# Tuesday, 28 October 2008

An astonishing thing happened to me on the afternoon of Day 1. I went to the room for the "Parallel Programming for C++ Developers in the Next Version of Microsoft Visual Studio" talk, and the redshirt guarding the entrance said "the room is full you have to go to the overflow room." I tried logic with her "It's a C++ talk! It's can't possibly be full!" but she chose to believe her own eyes. So I walked the hundred miles or so to the overflow room, which itself became full. The audience really enjoyed seeing how simple it can be to take advantage of multicores using templated functions. Lines and lines of boilerplate goo disappear into a library instead of your code, which means people might actually do this. Nice stuff.

Having learned my lesson, I lined up immediately for "Microsoft Visual C++: 10 Is the New 6." The room filled up just as fast:

I don't think I had heard Boris Jabes present before. He was very good indeed. The slide you see in this picture lays out the mission statement for "Dev10", the next version of Visual Studio, as far as the C++ team is concerned: Make VC10 the most productive IDE for native development. Then he proved it to us. Since it was the last talk of the day, people stayed with questions for a long time afterwards. I really enjoyed listening in on those.

Tuesday started with a keynote that really impressed me. Azure is amazing but the gritty details are not there yet. But Windows 7 - it's on the hard drive! It's real! So they showed it to us. Then they started talking about client development. Ray pointed out a number of advantages of writing a Windows application instead of (or as part of a suite that also has) a web app.

I loved the Windows 7 demo. Lots of features there I really want right now. I love Vista, but this is even nicer. And I hear the stability is great already so you could really use it. Julie plugged the Engineering 7 blog I've plugged myself.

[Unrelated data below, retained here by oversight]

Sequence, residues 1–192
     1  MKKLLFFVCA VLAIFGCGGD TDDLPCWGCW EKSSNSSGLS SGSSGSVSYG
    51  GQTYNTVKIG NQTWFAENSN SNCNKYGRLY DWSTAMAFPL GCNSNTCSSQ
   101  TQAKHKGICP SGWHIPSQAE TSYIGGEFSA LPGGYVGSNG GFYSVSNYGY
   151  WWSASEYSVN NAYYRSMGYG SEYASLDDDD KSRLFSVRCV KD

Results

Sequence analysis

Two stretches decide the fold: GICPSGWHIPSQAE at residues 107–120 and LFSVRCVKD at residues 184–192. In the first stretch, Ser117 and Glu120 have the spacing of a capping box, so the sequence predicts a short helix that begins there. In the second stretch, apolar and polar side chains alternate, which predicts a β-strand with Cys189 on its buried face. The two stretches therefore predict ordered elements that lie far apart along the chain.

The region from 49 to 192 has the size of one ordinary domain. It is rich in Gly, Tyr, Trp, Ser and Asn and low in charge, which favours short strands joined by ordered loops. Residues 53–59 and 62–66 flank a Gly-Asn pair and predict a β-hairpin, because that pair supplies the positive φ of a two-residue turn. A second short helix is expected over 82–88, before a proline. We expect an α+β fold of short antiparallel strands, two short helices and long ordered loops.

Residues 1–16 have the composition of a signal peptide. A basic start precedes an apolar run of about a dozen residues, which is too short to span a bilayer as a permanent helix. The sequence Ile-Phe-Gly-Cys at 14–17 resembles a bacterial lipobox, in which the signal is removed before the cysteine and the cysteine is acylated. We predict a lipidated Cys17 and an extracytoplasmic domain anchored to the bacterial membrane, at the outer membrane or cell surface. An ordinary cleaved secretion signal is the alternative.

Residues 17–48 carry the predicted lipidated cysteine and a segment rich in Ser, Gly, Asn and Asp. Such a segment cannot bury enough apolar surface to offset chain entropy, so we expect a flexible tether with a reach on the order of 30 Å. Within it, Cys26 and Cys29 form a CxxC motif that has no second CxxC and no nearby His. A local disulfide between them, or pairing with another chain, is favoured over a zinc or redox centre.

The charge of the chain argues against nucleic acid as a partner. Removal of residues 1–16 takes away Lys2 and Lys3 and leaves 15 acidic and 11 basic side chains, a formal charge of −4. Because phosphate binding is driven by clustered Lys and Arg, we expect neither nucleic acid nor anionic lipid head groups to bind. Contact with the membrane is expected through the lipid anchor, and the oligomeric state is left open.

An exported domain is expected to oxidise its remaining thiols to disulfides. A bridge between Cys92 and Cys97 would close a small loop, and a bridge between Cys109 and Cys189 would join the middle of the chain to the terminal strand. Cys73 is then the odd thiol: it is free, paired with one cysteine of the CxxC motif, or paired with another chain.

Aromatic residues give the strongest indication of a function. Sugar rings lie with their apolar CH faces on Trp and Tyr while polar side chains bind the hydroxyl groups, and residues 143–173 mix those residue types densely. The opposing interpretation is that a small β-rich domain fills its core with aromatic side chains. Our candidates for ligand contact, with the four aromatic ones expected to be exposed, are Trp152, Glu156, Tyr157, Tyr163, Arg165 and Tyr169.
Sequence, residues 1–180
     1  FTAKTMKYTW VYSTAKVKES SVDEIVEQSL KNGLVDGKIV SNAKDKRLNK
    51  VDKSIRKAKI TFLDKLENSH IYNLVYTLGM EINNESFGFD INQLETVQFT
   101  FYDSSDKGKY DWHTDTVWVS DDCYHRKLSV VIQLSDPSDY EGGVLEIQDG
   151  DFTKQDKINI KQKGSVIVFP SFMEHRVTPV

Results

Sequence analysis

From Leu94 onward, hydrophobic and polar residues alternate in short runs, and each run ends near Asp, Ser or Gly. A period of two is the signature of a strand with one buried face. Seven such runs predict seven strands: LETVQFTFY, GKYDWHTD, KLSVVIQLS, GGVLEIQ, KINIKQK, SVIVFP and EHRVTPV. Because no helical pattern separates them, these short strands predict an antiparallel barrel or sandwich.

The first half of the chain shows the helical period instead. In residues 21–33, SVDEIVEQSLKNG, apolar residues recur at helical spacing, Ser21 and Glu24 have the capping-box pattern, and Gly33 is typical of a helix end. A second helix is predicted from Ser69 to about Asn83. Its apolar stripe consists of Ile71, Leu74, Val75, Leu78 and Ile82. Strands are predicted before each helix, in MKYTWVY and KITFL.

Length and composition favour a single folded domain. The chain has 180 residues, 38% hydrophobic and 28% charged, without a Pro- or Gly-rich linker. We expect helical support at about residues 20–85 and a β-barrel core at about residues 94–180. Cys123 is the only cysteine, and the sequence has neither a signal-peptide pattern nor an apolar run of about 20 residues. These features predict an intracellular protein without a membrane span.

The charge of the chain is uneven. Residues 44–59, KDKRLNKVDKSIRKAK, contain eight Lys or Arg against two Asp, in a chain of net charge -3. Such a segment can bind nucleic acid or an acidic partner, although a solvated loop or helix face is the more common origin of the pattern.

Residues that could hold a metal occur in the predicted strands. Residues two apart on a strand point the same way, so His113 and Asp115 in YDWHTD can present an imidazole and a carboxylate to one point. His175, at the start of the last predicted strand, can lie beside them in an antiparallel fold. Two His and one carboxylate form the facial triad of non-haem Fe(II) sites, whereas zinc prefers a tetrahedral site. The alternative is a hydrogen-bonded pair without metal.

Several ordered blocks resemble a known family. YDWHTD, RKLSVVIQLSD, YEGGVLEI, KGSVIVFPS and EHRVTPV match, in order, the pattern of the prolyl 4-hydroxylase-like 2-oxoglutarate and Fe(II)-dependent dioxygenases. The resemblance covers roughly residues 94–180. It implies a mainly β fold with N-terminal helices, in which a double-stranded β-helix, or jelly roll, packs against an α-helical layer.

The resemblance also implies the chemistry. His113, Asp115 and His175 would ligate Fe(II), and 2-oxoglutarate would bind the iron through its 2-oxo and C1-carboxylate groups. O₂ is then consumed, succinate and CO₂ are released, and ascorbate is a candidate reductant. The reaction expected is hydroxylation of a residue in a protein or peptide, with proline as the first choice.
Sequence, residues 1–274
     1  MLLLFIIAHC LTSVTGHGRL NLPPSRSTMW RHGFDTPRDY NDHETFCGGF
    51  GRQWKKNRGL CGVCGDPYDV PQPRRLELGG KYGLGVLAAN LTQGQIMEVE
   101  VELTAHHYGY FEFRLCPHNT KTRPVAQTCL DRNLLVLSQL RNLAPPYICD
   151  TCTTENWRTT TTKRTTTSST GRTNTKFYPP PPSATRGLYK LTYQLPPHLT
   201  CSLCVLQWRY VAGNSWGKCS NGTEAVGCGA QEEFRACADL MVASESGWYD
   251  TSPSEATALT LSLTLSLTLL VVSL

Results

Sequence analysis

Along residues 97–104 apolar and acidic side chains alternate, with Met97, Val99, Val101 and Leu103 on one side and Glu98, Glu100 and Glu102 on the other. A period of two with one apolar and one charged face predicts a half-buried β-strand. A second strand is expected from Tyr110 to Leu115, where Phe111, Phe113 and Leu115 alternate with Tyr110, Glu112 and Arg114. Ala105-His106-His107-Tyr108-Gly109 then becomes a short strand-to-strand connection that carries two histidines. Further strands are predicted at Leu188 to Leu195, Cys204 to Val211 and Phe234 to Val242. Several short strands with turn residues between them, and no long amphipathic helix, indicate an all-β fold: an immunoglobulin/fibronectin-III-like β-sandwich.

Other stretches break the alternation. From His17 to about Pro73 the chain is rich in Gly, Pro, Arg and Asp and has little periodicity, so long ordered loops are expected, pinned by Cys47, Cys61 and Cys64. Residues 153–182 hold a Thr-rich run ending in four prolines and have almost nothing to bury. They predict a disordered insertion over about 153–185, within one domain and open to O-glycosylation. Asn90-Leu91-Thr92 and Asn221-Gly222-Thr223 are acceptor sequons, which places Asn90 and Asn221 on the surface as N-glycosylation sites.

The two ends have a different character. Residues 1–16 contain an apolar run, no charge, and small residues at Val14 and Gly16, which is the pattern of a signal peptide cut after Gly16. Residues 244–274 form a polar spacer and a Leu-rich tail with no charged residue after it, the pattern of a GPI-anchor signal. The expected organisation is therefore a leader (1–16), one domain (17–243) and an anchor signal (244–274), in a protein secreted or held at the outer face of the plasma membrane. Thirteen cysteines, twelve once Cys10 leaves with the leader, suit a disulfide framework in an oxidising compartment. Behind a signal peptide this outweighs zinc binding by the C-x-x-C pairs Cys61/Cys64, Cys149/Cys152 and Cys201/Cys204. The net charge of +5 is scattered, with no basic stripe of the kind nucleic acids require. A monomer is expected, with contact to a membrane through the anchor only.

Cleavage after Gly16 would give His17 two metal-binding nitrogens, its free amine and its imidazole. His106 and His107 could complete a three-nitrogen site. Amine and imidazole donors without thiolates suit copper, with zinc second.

Scott Guthrie said C++ five times. I don't think I've ever heard him say it once before.

 

Don't worry, he talked about managed code too. You may think of ScottGu as "the web guy" but he gave client development in general, whether C++ or WPF, some serious love in this talk. Great announcements too - grid control for one!

Want one more inside joke explained? (I just love the RD alias for this sort of stuff!)

David Treadwell's shirt had 0x007FFF embroidered on it. Think of it as 00 7F FF. RGB. Go try it in some HTML. Then think back to Day 1.

Update: better picture of the shirt by Angus Logan. Subtle-as-a-brick demo of the colour by Steve Clayton.

Missed the keynote? Based on the URL to day 1, try http://channel9.msdn.com/pdc2008/KYN02/

Kate

Tuesday, 28 October 2008 13:41:07 (Eastern Standard Time, UTC-05:00)  #    Comments [0]
# Monday, 27 October 2008

Now the fun begins.

If you were there, or watched it streaming, did you wonder about the shoes?

 

Azure and its subsystems had a number of code names, one of which was "Red Dog" and the team got red shoes (dogs being a slang term for feet) in honour of the name.

If you missed the keynote, you can watch it at http://channel9.msdn.com/pdc2008/KYN01/

I had heard some of this before, but not all of it, and I need to digest it a bit, but I think the key difference between Azure and hosting, between Azure and the Amazon offerings, is this: it's one thing to offer you a machine (real or virtual) and tell you "feel free to remote desktop into this and do what you need to do, install things, configure things, it's a machine" but it's a completely different thing to publish your app to the cloud and to configure the cloud rather than your target machine. I like it.

Kate

Monday, 27 October 2008 12:54:46 (Eastern Standard Time, UTC-05:00)  #    Comments [0]
# Sunday, 26 October 2008